Grand Junction Family Fights Foreclosure

By: Jessica Zartler Email
By: Jessica Zartler Email

Drowning in debt, that's the story of more and more homeowners in Mesa County. According to the public trustee, foreclosures are up 20–percent over the same time last year.

According to a new survey, one in seven homeowners across the U.S. owes more on their house than it's worth.

And although the numbers in Mesa County are still below the national average, more people are struggling to make their mortgage payments.

When Renee Stockman and her fiancée Richard Harvey started getting letter after letter from the bank they knew they were in trouble.

Notices of default and foreclosure came crashing down and now Renee is worried she and Richard won't be able to keep the house.

"Our kids didn't really have a christmas this year," Stockman told 11 News on Monday.

The stocking at her house went empty this year. Rather than put any presents under the tree for her kids, she's trying to keep a roof over their heads.

"I already know three friends that lost their homes to foreclosure without even a heartbeat."

Stockman was seriously injured in a motorcycle accident three years ago and can't work.

Now her fiancee is trying to keep the bills paid.

"We're pretty much living paycheck to paycheck right now which we never did before. Bounce this bill one month and pay this one."

The couple is six payments behind and in foreclosure and trying desperately to dig their way out.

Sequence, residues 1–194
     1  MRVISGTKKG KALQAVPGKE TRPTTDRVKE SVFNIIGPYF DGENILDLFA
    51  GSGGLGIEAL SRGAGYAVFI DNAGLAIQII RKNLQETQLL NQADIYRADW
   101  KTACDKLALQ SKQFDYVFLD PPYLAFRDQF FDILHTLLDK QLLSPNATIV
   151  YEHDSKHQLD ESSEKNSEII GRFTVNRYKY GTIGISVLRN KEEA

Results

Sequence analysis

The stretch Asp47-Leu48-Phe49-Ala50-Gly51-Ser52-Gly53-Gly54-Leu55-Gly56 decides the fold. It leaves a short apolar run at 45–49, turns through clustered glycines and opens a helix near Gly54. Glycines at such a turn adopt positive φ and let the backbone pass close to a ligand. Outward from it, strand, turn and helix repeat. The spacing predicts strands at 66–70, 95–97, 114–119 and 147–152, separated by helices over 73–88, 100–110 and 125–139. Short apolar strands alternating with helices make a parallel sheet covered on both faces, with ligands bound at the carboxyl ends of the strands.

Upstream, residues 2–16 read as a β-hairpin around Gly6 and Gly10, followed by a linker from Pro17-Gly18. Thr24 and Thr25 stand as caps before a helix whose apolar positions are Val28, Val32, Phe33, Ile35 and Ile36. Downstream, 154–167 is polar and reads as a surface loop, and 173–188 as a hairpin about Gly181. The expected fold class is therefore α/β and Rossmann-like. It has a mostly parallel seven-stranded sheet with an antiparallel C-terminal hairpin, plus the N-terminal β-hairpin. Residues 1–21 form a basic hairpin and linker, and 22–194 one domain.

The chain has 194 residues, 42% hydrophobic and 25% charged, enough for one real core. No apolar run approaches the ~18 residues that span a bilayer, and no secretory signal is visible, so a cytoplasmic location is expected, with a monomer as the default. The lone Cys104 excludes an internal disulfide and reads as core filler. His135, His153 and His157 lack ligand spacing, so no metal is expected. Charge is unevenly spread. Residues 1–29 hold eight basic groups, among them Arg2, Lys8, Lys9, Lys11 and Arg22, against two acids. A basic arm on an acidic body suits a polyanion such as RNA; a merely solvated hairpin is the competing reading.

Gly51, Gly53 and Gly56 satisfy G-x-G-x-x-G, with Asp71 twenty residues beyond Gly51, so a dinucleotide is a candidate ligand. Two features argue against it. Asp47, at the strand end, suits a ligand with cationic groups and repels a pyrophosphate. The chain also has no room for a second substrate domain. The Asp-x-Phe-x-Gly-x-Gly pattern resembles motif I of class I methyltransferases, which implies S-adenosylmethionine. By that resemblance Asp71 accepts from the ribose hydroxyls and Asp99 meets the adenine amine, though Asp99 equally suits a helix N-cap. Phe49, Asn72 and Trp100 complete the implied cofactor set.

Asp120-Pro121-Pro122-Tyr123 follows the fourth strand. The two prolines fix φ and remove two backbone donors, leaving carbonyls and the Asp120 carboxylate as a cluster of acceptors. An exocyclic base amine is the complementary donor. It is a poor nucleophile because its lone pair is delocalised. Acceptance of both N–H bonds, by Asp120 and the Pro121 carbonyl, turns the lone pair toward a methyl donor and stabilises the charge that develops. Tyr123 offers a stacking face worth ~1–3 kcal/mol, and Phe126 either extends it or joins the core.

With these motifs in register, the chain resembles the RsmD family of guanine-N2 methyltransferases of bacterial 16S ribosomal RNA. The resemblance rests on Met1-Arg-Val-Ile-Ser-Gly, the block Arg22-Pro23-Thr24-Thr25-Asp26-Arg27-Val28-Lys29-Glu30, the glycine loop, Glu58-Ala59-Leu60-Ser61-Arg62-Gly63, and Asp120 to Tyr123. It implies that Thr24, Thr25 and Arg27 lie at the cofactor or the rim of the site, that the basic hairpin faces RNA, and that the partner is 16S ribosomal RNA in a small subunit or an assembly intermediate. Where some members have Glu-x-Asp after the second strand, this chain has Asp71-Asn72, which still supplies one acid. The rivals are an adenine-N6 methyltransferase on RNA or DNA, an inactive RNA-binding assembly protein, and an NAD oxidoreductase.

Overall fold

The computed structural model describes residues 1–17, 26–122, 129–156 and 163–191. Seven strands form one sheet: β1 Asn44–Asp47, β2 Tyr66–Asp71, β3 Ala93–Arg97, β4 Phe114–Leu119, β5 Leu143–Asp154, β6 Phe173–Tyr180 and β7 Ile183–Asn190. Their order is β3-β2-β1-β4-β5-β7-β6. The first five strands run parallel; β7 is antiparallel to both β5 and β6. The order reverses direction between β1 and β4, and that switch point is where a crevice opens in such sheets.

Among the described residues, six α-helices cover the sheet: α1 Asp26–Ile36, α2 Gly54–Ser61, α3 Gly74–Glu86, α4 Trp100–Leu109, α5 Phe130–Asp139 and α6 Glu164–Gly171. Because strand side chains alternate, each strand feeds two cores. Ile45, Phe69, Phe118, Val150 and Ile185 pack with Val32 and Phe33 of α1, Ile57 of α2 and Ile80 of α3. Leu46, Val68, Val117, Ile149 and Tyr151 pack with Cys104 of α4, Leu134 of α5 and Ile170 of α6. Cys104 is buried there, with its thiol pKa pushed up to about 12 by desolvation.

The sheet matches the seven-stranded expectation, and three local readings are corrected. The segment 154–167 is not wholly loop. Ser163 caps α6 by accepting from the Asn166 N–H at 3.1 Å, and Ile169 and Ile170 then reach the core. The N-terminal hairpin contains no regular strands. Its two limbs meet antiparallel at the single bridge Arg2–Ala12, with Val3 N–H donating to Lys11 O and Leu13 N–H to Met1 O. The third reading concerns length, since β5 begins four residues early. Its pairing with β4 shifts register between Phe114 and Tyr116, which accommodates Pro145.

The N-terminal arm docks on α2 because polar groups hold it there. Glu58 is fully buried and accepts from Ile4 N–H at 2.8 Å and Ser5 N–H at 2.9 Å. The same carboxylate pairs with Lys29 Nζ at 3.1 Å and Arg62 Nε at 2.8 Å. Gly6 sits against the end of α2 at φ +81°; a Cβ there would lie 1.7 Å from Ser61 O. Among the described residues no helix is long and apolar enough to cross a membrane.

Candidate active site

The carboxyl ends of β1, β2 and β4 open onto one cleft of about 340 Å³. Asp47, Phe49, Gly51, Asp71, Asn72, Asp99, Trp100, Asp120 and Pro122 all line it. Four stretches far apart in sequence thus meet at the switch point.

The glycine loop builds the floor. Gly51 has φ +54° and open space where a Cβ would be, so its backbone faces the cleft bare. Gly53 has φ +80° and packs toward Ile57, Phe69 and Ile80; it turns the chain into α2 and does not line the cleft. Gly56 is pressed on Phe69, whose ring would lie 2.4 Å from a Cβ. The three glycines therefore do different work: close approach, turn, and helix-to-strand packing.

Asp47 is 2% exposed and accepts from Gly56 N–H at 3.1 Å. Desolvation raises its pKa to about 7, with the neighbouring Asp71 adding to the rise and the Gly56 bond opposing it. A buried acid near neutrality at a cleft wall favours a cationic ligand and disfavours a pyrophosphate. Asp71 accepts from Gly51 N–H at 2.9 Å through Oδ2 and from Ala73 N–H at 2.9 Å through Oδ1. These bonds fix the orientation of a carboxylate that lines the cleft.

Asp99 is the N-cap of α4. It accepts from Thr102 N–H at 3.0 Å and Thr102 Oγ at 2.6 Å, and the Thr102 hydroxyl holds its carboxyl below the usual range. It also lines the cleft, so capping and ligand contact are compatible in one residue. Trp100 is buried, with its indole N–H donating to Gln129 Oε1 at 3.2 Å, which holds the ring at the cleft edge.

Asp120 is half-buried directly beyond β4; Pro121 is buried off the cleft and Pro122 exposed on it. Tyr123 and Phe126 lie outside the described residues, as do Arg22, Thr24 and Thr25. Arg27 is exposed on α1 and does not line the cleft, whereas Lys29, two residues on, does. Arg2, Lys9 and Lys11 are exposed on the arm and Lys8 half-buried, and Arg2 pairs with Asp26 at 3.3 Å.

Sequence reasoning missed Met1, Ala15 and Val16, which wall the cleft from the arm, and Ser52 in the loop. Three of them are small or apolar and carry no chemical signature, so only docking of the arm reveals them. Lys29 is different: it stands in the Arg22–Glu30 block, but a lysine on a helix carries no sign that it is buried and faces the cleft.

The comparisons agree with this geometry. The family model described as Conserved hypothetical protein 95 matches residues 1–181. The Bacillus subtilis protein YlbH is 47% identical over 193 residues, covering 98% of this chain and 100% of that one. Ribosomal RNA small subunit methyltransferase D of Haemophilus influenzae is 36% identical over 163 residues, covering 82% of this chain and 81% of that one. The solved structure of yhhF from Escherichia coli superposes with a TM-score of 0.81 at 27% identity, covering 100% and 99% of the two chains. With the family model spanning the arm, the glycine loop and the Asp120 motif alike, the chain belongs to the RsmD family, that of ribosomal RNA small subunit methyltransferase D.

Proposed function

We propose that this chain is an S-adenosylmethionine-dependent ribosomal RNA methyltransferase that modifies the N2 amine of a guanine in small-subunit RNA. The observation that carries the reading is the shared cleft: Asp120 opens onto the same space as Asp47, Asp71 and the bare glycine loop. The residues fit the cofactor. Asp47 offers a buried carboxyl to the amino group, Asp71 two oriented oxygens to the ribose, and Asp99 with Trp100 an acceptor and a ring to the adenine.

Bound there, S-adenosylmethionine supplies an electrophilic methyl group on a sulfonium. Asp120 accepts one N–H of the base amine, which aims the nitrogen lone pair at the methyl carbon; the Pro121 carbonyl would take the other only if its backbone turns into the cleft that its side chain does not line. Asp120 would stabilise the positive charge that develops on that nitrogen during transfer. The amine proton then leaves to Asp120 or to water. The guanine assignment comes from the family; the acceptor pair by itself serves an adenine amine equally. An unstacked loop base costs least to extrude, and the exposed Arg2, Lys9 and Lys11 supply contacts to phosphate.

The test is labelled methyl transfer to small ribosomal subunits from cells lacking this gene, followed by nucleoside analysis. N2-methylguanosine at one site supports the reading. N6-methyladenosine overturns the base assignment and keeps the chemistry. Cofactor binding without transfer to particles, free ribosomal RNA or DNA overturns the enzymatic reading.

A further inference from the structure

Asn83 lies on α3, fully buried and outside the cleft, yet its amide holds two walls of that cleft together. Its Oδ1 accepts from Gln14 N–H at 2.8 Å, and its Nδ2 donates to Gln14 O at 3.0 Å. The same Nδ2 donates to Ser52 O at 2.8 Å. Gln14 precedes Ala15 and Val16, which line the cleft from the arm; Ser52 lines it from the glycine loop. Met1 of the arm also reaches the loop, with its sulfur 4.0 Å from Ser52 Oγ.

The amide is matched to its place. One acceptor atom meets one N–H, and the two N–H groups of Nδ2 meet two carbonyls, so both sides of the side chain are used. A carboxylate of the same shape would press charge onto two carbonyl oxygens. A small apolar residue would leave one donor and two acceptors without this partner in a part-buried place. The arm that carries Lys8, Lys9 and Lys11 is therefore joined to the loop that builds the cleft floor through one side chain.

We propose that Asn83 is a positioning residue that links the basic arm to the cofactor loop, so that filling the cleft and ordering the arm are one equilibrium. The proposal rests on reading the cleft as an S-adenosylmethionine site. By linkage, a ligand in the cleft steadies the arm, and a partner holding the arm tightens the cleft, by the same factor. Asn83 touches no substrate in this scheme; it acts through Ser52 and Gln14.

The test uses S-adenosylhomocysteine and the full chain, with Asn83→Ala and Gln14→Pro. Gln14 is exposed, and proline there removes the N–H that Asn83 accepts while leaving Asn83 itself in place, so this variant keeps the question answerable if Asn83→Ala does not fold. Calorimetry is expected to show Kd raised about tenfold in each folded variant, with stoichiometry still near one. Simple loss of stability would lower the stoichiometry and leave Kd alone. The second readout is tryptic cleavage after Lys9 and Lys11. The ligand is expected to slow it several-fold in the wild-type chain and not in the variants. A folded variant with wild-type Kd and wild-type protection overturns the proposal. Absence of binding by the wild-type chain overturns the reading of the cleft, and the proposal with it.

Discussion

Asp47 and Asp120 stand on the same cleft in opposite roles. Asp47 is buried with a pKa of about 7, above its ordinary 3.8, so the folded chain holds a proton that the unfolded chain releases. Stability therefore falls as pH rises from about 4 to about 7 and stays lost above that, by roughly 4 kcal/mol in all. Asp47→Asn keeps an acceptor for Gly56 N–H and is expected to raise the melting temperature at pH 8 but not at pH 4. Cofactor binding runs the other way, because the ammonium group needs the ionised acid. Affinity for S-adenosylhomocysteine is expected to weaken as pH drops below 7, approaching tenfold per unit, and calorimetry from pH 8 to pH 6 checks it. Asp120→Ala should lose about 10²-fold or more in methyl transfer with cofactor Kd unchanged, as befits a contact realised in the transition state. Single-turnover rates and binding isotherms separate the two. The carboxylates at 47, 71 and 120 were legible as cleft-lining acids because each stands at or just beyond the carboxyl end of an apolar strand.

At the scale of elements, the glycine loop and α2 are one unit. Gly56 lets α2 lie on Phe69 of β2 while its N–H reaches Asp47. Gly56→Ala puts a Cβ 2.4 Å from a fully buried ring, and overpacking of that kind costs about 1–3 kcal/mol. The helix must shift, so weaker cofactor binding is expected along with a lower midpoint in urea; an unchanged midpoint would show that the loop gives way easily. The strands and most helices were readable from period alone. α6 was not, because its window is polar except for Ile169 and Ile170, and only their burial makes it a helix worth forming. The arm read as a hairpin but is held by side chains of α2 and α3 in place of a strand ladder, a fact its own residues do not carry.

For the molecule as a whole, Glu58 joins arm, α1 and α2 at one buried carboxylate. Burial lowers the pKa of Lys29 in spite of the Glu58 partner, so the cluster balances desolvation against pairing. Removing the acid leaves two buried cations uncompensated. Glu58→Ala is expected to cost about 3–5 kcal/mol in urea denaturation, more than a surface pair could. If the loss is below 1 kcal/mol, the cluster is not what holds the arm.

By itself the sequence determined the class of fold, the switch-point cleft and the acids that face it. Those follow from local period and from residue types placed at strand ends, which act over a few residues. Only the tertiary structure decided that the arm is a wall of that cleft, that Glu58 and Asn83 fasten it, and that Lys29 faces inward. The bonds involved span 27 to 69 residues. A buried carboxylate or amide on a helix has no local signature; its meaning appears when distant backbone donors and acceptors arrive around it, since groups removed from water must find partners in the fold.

It's a story jon lindman hears more and more in Mesa County.

He's a default and foreclosure counselor for Housing Resources of Western Colorado.

"I wish I could wave the magic wand and say for you we can reduce your mortgage to such a degree you can pay just a few dollars a month but that doesn't happen. There are real live investors holding real live mortgage papers," Lindman told 11 News on Monday.

He says there are ways out if you're in default or foreclosure.

The first thing to do is talk to you're lender about what's going on and make cuts in your budget.

"Might have to let go of a car, they might need to cancel that Bresnan or all the cell phones. It might require some very significant changes."

After that, there's refinancing, loan modification or sale.

He says lenders don't want to foreclose either since they also lose money in the deal and now because of the national meltdown, he says lendors are more willing to work with homeowners.

And stockman is hoping that someone will work with her.

"This is our home, this is our kids home."

Lindman says if you can get the lender to agree to a loan modification you can save up to five–percent on your monthly mortgage payment.

For an average mortgage that could be up to $200 a month.

Even if you're not in default or foreclosure and you need some relief, it could be a great way to help make ends meet.

For more information on Housing Resources of Western Colorado click on the link below.

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  • by Give me a break Location: Grand Junction on Dec 30, 2008 at 07:03 AM
    I can sympathize with not wanting to lose your home but if you can afford cable, phone and internet and cell phones, you must not be hurting that bad. If you eliminated Bresnan and your cell phones and just kept a landline phone, you could save $200 a month. My husband works and I have to stay home with our children and we gave up cell phones and cable a long time ago.
  • by gerry bogdan Location: montrose on Dec 29, 2008 at 08:27 PM
    need more info on what to do to prevent of being foreclosed on, and where to turn to. It's a fact that foreclosure are up and it's picking up speed and it's not fair that people get booted out of their home over a growing problem that they don't have control of!! gerry bogdan
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